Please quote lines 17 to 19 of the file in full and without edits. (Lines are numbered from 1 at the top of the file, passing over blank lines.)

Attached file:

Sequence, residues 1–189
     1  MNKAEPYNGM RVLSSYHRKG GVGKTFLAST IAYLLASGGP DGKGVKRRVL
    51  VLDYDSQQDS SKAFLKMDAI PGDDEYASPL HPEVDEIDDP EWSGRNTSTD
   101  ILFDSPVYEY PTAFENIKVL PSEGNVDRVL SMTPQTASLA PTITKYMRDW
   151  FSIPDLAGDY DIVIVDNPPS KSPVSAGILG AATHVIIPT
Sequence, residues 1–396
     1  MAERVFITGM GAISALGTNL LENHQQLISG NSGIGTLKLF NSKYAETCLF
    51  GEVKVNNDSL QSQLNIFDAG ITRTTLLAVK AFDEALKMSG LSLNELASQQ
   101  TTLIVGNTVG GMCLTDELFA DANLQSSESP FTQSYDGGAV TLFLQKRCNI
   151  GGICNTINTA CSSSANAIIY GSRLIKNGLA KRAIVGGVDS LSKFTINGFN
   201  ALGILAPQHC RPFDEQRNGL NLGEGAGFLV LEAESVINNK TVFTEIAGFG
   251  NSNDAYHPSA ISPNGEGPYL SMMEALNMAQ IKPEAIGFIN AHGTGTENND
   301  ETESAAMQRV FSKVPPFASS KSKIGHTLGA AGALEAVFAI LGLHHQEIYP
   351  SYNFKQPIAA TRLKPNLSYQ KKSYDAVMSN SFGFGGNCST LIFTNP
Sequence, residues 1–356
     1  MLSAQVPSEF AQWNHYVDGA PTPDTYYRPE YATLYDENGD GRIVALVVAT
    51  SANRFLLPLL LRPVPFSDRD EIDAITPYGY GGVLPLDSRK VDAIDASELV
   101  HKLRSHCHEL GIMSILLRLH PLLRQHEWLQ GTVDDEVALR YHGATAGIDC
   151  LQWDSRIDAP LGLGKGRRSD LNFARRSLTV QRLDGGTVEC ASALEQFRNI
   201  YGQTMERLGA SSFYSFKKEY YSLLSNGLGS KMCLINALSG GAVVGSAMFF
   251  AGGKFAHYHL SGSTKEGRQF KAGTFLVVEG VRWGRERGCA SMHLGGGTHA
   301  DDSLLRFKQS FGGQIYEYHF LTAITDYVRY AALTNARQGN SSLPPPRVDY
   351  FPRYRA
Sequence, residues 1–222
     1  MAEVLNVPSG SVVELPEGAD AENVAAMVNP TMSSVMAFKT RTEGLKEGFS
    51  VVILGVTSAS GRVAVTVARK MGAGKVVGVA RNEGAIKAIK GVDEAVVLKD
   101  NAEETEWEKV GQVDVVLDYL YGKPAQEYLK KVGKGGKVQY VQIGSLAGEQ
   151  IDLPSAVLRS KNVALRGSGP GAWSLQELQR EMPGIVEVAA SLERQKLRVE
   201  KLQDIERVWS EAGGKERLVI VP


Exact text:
    51  SANRFLLPLL LRPVPFSDRD EIDAITPYGY GGVLPLDSRK VDAIDASELV
   101  HKLRSHCHEL GIMSILLRLH PLLRQHEWLQ GTVDDEVALR YHGATAGIDC
   151  LQWDSRIDAP LGLGKGRRSD LNFARRSLTV QRLDGGTVEC ASALEQFRNI